- HMS Polyphemus (1782)
HMS "Polyphemus", a 64-gun
third-rate ship of the lineof the Royal Navy, launched on 27 April 1782at Sheerness. She was the first ship of the Royal Navynamed for Polyphemusthe Cyclops.
She was laid down at
Sheernessin 1782and was commissioned in 1799under the command of Captain G. Lumsdaine. She sailed from Yarmouth on 9 August 1800with a squadron under Vice Admiral Dickson in "Monarch" bound for Denmark. Because of lack of wind the faster sailing vessels had to tow the slower ones and it was 15 Augustbefore they reached the Skaw. The next day the whole squadron advanced as far as the mouth of the Sound where the Danes had anchored three 74-gun ships, later increased to four, between Cronberg Castleand the Swedish shore. Because of gales the Admiral sheltered his squadron in Elsinor Roadsthen went in "Romney" as far as Sophienburgto talk with Lord Whitworth who was negotiating with the Danish ministers. When matters were resolved the squadron returned to Yarmouth in September.
1801, under the command of Captain John Lawford, "Polyphemus" was with the fleet which bombarded Copenhagen on 2 April. "Polyphemus" lost Mr. James Bell the midshipman, four seamen and one marine. Mr. Edward Burr the boatswain, twenty seamen and four marines wounded were wounded. The division of the North Sea fleet commanded by Admiral Graves in "Polyphemus" returned to Yarmouth from the Baltic Seaon 13 Julyand then sailed to join Admiral Dickson's squadron blockading the Dutch fleet in the Texel. (It included
1805, Captain Robert Redmilltook command of "Polyphemus" off Cadiz. Later that year, she took part in the Battle of Trafalgar.
1806she was with Lord St. Vincent's squadron off Ushantand on 14 Julyher boats, together with others of the squadron, were taken by the "Iris" to Sir Samuel Hood in "Indefatigable" off Rochefortto attack two French corvettes and a convoy at the entrance to the Garonne. The weather on 15 Julyappeared suitable for the attempt but after the boats left a strong wind blew up and although they managed to capture the 18-gun brig"Caesar" they could not prevent the convoy escaping up river. The greater part of the boats were either shot through or so badly stove in that they were swamped, and had to be cut adrift from the brig as she was brought out under fire from the batteries and ex-British "Teaser" brig. The casualties from "Polyphemus" were William Anderson, Quarter Master's Mate, who was cut across the hand, and W. Fleming, Coxswain, who was cut across the eyebrow.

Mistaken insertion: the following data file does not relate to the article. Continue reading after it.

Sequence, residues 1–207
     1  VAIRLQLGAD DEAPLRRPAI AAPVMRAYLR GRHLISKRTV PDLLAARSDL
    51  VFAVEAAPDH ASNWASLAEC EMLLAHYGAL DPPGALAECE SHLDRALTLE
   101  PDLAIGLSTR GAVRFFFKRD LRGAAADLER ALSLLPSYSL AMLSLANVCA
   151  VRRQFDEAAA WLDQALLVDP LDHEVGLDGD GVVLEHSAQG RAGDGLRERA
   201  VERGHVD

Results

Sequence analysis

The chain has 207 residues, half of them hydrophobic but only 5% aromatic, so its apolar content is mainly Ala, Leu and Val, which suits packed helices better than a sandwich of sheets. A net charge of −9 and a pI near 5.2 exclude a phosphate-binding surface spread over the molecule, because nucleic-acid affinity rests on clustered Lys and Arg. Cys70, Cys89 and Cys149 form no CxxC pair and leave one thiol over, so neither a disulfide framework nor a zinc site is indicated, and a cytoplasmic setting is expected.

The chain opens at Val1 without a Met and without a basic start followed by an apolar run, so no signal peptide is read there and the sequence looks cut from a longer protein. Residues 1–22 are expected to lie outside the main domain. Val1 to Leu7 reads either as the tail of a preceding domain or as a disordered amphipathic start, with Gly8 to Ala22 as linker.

1807"Polyphemus", under the command of Captain Peter Heywood, became the flagship of Rear Admiral Sir George Murray, South America.
1808, under the command of Captain W. Price Cumby (another Trafalgar veteran), she became the flagship of Vice Admiral B.S. Rowley. In July she sailed for Jamaica, convoying a large fleet of merchantmen, for the Vice Admiral to take up his appointment. Since he resided on shore with his flag in "Shark", "Polyphemus" was able to undertake cruises against the enemy. On the morning of 14 Novemberhe detached his boats under Lieutenant Joseph Daly in the barge to chase a schooner attempting to enter the harbour at San Domingo. An hour later she was boarded and carried under a hail of grape and musketry in which marine Samuel Crompton was killed and proved to be the French national schooner "Colibry" of three carriage guns commanded by Lieutenant Deyrisse with 63 men.
1809Captain Cumby was appointed to command a squadron consisting of "Polyphemus",
" Pike".They sailed from
Port Royalon 7 Junewith troops under Major General Carmichael to assist the Spanish forces besieging the French in the city of San Domingo. On 1 July"Polyphemus" anchored at Caleta and loaded eight of her lower deck guns into the "Sparrow" sloop to be landed at Palenqui for the use of the batteries to the westward of the town. Two of the guns were then transported by Captain Burt of "Sparrow" from Andre Bayto the east battery, nearly 30 miles across almost impassable country. The French garrison surrendered on 6 July.
Captain Cumby was appointed to "Hyperion" in March
1811and was succeeded by Captain T. Graves then Captain Douglas. "Polyphemus" paid off at Chatham in November 1812. In 1813She was converted to serve as a powder hulk, and she was eventually broken up in 1827.
*This article includes material from "Ships of the Old Navy; a History of the Sailing Ships of the Royal Navy" by Michael Phillips. Used with permission of the author.
*Lavery, Brian (2003) "The Ship of the Line - Volume 1: The development of the battlefleet 1650-1850." Conway Maritime Press. ISBN 0-85177-252-8.
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